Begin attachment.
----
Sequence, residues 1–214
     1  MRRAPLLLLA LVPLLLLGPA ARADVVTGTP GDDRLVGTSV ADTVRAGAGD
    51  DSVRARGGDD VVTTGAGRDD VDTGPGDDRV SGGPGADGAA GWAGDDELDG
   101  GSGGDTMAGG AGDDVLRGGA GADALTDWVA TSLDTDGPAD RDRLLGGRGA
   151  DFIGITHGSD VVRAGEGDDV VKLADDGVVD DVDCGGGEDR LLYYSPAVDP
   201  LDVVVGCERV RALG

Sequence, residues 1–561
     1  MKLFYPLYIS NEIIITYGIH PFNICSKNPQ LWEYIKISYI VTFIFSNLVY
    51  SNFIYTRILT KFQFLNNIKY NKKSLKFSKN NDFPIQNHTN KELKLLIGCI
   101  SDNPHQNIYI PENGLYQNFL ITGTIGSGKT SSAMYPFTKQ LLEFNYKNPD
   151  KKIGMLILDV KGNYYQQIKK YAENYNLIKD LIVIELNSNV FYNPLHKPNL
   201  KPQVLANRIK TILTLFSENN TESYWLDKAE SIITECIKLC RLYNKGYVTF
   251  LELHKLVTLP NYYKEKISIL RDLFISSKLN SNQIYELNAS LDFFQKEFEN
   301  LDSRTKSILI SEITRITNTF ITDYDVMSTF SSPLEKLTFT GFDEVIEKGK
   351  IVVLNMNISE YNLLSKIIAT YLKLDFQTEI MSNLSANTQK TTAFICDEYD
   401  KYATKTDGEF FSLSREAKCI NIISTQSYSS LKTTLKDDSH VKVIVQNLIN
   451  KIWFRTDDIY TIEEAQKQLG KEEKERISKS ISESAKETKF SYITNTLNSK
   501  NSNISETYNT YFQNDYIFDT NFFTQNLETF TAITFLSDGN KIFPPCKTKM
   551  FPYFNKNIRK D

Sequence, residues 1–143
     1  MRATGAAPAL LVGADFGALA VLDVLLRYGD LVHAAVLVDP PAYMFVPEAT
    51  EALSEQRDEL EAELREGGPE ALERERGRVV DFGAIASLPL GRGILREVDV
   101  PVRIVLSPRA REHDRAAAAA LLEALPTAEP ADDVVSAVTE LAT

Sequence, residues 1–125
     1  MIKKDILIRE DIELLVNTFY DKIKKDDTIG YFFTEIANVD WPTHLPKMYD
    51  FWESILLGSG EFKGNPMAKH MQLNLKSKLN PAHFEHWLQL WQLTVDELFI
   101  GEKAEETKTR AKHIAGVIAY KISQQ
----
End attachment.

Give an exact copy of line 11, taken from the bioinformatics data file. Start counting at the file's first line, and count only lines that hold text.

   151  KKIGMLILDV KGNYYQQIKK YAENYNLIKD LIVIELNSNV FYNPLHKPNL